Preparation: 
  1. Bring to boil  6 cups of water in a pot.
  2. Finely slice: 1 onion, the parsley, the parsnip and the carrots and put them in the water.  Add the beef (or veal) meat.
  3. In the mean time soak the bread in water then squeeze it. Mash the bread with a fork.
  4. Mix the ground meat with the other finely chopped onion, the mashed bread and the rice, and season with salt and ground black pepper. For a more tender meat composition add 2-3 tablespoons of water.
  5. Make small meat balls rolling them with wet hands.
  6. When the vegetables become tender put the meat balls in the boiling water. Reduce heat and simmer for 30-40 minutes.
  7. When the soup is almost done the meatballs are coming to the surface as the soup simmers.
  8. Add the tomato paste and stir.
  9. Finely chop the lovage and add it to the soup, and then season with salt and vinegar. If you do not have lovage, you can use fresh parsley leaves instead.
  10. The soup is delicious served with a bit of sour cream, and a hot pepper on the side.

8 comments:

  1. Hey Kim :)

    that's touching...you know how many times in these 10 years we talked about your epic journey we had with you that summer?

    and seying the image from our flat...that's intense and emotional...thank you for that! I miss those times...as I miss my youth...

    In other words (and to escape nostalgy), let me tell you that after discussing with Elena about your previous post and your answer (about making ciorba de perisoare), elena got inspired and on Saturday morning she made that soup, as well :) DELICIOS! we too have some lovage in our garden, because is not easy to find it here.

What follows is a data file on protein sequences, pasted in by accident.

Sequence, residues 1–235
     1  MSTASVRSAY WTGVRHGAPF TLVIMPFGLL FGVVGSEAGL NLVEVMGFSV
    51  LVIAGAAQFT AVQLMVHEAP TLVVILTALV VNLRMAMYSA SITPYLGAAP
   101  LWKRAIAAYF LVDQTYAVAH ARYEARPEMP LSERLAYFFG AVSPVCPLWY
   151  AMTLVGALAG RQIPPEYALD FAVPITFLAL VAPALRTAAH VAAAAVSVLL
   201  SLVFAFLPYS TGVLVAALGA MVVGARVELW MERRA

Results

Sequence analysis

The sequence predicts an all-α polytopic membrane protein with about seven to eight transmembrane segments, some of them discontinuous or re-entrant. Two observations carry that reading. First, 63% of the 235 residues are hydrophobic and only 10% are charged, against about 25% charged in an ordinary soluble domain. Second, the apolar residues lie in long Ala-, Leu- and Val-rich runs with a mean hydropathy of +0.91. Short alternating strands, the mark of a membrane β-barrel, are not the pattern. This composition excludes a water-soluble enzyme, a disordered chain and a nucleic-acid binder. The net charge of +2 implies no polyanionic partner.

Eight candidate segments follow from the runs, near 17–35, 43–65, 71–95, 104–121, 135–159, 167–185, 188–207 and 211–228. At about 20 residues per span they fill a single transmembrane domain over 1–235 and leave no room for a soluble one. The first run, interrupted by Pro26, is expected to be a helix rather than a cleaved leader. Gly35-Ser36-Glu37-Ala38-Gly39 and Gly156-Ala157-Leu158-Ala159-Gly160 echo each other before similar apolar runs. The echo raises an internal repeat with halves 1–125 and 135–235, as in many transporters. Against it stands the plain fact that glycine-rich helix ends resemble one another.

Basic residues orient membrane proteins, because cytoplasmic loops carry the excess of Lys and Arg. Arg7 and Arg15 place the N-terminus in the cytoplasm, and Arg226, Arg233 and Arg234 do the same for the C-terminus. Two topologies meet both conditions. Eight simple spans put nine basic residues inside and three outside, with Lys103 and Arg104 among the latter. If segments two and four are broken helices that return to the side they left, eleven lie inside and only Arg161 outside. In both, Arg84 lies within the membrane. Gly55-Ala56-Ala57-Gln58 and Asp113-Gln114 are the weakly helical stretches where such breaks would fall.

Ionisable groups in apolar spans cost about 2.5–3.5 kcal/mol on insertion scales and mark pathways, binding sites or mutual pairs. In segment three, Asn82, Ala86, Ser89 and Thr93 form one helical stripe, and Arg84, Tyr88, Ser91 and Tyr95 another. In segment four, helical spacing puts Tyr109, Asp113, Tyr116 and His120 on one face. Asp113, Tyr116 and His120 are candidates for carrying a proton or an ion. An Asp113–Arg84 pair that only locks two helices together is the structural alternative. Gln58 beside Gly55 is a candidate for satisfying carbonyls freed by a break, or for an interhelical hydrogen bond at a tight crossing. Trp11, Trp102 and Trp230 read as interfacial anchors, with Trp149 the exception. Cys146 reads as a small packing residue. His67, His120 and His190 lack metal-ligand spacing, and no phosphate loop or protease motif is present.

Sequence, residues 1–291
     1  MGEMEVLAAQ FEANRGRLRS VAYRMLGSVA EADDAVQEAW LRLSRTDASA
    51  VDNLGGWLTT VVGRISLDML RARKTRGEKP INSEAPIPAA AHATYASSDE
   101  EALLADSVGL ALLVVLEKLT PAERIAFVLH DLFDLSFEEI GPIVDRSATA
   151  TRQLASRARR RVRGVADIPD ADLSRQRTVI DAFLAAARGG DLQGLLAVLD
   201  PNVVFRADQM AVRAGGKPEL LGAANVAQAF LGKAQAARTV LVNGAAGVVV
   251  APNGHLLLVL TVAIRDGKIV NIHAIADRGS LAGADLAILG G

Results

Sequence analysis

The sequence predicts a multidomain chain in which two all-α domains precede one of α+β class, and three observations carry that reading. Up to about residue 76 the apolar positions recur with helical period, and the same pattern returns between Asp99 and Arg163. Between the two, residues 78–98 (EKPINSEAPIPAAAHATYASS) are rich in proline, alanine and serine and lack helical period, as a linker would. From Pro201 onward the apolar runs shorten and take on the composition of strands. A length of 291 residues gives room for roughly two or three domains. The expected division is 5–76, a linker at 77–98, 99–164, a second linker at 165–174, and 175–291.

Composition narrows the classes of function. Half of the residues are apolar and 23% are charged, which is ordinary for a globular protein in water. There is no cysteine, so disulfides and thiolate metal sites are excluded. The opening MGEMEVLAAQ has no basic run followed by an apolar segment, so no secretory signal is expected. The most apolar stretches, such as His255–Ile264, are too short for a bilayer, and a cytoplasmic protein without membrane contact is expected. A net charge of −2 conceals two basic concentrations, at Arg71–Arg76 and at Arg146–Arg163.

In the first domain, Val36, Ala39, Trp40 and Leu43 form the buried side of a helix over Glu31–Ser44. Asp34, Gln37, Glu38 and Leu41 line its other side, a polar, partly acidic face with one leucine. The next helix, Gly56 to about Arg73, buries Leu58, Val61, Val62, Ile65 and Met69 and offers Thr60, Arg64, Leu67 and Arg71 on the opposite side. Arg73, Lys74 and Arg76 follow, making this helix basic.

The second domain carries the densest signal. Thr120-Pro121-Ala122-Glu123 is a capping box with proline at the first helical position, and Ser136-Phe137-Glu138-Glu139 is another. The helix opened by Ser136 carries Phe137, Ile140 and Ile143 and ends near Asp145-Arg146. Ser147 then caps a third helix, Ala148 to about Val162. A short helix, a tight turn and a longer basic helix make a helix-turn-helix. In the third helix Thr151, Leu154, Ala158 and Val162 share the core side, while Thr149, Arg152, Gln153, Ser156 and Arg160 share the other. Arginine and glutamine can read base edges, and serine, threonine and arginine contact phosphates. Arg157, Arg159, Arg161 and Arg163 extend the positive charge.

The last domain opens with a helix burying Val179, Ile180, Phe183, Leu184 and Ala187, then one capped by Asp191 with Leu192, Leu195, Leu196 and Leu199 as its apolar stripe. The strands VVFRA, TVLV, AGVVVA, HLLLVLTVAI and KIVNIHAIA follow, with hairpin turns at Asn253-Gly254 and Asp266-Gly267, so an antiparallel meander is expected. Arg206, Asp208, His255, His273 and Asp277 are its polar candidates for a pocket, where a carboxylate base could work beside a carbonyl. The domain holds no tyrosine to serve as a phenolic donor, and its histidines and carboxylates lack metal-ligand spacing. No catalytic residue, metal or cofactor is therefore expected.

next time when we'll see eachother, I will cook for you a very interesting soup: ciorba de burta :)

    Hugs to your boys

    Razvan

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    1. Long live Ciorba de perisoare! That's great that Elena cooked the soup this weekend too! The only thing better would have been to eat it together :-)!

      I think about that trip a lot too! It was so special to us. I have so many good stories. I think I'll get back to Romania one of these days. We'll have to try and meet overseas some time...harder now that we all live in North America but not impossible.

      Uh oh...Ciorba de burta...I'm a little afraid of tripe but if you make it, of course I'll eat it!

      xo Kim

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  2. Razvan, if you promise to cook Ciorba de Burta, I may have to come and see you again very soon!

    Josh

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    1. This comment has been removed by the author.

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    2. it's already a promise :)

      see you soon, my friends :)

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  3. Kim, this soup sounds wonderful. When Trish and I went out west in '09 we stayed at Mary Jane's Farm (http://www.maryjanesfarm.org/bb/) in Moscow Idaho. They had lovage all over the property and used it in a shirred egg dish. (baked in a small jelly-jar). I've looked for it here, but not found it yet. Let me now if you see it somewhere. Maybe the farmers' markets.
    I love your pictures and dream of more travels!
    Hugs,
    Sherry